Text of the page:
Rain-lashed fields are an annual hazard for the British festival-goer. But extreme weather events caused by climate change are making fatalities at festivals a serious threat, the UK concert industry has warned.
The outdoor concert business has been told to place safety above profit following a year marred by serious stage collapses.
Seven fans died at the Indiana State Fair and five at the Pukkelpop festival in Belgium when stages came crashing down after failing to withstand high winds and storms.
Far from being "freak" events, festival organisers admit that extreme weather incidents are likely to become a feature of the British summer. Emergency evacuation plans and early-warning systems to detect hurricane-level winds will be in operation at next year's events.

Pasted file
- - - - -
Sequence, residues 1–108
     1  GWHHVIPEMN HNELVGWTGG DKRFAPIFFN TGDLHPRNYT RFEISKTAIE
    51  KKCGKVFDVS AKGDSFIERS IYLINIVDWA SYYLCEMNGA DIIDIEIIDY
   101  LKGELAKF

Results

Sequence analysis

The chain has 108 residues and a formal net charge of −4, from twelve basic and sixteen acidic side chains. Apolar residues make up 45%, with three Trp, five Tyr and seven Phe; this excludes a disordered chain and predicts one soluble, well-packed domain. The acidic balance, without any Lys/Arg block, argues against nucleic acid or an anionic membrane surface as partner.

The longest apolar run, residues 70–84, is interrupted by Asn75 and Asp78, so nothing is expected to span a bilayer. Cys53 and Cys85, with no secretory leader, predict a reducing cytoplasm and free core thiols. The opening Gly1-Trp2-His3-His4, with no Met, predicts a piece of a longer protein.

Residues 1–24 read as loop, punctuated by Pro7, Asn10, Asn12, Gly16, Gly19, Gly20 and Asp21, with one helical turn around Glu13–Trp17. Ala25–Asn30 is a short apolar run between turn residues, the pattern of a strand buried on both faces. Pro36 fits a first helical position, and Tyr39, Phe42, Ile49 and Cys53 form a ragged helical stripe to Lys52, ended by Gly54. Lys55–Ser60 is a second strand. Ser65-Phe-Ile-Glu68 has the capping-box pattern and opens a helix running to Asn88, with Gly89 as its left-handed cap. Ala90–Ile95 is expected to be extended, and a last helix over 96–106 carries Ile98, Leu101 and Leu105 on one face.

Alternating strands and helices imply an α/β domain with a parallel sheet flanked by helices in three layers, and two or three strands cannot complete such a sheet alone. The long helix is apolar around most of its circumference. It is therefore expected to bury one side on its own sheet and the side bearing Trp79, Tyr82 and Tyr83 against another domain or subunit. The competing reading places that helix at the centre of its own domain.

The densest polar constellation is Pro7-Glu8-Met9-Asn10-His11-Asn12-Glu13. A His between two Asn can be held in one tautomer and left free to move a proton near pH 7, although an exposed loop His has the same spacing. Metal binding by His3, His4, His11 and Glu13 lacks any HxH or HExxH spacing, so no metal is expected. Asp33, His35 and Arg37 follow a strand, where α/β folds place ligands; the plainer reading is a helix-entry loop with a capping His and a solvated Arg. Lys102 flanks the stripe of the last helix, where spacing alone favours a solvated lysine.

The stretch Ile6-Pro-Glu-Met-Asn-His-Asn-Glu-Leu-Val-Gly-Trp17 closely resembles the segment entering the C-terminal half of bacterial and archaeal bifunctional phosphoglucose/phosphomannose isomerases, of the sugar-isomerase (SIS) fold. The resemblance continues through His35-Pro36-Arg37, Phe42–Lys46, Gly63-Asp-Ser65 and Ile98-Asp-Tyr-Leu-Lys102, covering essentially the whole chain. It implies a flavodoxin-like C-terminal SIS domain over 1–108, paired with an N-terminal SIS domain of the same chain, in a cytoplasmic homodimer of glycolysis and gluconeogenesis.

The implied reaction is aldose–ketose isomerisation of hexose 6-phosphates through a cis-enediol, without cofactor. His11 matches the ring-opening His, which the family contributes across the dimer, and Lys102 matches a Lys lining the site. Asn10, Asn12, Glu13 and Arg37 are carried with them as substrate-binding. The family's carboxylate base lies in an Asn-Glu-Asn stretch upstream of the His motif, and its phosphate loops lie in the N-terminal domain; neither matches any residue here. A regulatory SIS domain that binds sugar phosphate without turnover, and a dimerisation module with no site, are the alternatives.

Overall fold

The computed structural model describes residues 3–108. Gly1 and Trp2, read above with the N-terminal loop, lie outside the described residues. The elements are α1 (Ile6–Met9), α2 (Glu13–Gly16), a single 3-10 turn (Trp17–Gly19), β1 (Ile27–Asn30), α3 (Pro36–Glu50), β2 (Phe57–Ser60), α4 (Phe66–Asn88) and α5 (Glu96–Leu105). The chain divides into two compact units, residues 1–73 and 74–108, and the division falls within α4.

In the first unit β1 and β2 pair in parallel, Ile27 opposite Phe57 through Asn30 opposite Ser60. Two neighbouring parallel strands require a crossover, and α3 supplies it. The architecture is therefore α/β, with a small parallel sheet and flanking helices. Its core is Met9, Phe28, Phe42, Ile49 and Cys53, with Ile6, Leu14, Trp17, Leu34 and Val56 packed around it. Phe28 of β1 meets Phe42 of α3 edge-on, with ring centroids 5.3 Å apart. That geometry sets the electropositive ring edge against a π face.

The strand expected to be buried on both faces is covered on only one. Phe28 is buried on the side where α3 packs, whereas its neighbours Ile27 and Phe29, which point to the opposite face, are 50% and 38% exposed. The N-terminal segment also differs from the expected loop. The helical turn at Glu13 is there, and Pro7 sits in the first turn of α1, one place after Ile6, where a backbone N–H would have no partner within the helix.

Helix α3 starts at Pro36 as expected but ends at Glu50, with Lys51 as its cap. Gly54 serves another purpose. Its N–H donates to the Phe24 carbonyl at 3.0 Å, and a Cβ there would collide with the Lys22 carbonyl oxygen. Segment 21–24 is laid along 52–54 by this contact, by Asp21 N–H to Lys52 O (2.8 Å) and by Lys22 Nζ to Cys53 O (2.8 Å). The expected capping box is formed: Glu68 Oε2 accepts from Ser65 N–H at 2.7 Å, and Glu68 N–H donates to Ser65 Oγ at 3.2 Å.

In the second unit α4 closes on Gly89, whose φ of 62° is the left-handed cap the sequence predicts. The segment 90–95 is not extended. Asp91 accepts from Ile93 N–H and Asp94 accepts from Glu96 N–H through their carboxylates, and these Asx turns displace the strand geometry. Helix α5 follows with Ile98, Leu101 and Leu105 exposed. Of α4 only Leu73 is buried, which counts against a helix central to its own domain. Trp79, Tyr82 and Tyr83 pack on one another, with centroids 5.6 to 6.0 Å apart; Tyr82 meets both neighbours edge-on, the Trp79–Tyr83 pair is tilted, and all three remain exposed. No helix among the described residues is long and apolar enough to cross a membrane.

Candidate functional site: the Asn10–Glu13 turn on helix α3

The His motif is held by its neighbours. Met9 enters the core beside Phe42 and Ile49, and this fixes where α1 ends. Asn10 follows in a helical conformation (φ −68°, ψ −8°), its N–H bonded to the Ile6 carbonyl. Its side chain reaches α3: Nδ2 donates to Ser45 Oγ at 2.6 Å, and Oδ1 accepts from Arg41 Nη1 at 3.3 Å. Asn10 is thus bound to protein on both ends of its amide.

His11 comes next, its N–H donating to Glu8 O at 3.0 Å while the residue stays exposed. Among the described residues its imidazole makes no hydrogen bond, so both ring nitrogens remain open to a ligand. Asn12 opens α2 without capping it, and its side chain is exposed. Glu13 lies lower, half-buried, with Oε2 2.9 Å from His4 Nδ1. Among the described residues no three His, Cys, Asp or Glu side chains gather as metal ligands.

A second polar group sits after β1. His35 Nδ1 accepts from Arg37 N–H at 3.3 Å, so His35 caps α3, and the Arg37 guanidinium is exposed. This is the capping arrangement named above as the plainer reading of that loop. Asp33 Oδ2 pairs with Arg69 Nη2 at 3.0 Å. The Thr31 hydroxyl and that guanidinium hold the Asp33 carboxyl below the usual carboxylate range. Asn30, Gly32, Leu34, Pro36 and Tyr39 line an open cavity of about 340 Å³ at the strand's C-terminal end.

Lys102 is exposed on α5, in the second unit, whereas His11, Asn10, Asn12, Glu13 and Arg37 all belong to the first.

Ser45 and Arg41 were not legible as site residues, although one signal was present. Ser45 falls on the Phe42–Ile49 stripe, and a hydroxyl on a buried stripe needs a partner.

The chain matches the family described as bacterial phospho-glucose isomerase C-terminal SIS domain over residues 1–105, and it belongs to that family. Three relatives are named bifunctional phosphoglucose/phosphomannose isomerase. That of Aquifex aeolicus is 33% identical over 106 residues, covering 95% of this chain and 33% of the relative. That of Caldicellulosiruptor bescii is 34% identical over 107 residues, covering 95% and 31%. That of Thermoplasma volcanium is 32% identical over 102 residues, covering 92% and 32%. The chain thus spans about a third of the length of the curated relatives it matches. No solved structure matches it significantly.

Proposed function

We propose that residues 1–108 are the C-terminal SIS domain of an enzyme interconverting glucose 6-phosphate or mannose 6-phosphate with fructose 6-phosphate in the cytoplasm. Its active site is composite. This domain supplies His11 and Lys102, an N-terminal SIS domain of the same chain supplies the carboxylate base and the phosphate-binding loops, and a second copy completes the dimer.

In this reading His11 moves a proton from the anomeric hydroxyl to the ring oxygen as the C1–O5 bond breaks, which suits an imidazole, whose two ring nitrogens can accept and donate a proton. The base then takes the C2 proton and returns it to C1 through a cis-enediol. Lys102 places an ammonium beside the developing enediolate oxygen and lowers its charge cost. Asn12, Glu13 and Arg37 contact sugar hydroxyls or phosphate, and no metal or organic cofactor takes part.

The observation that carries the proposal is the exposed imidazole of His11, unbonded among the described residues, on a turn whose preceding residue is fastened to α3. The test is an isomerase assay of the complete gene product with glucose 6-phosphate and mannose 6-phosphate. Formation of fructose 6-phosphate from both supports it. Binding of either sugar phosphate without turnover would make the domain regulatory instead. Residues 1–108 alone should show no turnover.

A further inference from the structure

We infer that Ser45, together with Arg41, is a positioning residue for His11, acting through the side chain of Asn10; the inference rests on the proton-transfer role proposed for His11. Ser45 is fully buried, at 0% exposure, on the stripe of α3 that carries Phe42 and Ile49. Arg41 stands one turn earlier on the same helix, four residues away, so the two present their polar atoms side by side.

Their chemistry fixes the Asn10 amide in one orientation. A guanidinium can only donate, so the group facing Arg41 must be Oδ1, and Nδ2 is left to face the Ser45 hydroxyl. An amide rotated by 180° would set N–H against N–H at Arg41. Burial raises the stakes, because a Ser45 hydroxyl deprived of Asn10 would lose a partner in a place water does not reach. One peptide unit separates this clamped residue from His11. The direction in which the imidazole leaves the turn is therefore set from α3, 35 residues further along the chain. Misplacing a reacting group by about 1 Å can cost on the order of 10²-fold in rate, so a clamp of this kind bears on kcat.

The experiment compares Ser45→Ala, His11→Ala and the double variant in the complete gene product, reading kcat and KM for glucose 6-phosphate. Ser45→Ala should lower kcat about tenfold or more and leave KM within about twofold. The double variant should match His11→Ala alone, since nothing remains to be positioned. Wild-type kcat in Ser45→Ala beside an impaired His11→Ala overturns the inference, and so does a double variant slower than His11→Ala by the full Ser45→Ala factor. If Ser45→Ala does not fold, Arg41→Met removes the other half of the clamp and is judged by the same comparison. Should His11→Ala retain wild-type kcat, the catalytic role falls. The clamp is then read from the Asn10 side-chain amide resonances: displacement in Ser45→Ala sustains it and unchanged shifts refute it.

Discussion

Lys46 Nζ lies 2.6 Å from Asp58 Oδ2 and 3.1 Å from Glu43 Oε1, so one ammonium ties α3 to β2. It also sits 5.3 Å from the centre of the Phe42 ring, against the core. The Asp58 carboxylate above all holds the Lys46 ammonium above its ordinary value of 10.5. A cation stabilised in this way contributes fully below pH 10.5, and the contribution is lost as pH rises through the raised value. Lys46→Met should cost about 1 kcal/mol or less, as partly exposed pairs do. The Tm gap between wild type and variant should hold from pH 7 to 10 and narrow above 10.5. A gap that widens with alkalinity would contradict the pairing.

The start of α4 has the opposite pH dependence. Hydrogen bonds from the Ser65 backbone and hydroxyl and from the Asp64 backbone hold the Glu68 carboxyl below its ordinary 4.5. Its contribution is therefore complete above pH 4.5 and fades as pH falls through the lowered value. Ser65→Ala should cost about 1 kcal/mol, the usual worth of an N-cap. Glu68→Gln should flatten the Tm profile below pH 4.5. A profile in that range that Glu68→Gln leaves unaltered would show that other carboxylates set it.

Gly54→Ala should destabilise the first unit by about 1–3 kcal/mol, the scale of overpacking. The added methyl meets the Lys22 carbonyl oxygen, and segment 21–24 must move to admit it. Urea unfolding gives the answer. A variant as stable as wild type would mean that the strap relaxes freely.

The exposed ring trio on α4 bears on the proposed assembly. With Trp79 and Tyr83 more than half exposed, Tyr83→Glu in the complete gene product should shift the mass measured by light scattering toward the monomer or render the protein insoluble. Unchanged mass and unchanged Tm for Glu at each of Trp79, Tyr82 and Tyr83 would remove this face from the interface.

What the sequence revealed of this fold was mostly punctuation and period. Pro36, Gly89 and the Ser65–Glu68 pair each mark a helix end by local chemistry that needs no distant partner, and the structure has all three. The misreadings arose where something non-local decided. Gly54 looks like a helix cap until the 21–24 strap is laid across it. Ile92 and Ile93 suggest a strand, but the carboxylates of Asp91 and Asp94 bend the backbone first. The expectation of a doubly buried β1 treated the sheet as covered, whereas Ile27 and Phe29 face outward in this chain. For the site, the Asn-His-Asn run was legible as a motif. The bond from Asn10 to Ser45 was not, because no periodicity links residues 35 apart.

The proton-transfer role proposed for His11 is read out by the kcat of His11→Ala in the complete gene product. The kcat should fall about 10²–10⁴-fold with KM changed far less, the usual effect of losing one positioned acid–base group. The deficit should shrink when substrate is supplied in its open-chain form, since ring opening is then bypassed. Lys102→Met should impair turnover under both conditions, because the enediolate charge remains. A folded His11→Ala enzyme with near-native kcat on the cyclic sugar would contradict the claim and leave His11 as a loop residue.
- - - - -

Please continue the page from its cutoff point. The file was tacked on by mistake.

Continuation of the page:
Rudi Enos, who designs some of world's largest temporary structures, including the 20,000 capacity NME tent at the Reading Festival, said: "This has been the event industry's annus horribilis. We should now instigate procedures for much worse weather than previously anticipated. I don't want to be the designer who caused a death."
Addressing the UK Festival Awards conference, Mr Enos said: "We've had too many close calls. Tents and stages can be better stabilised and supported. In the past we've allowed commerciality to drive our industry."Reuse content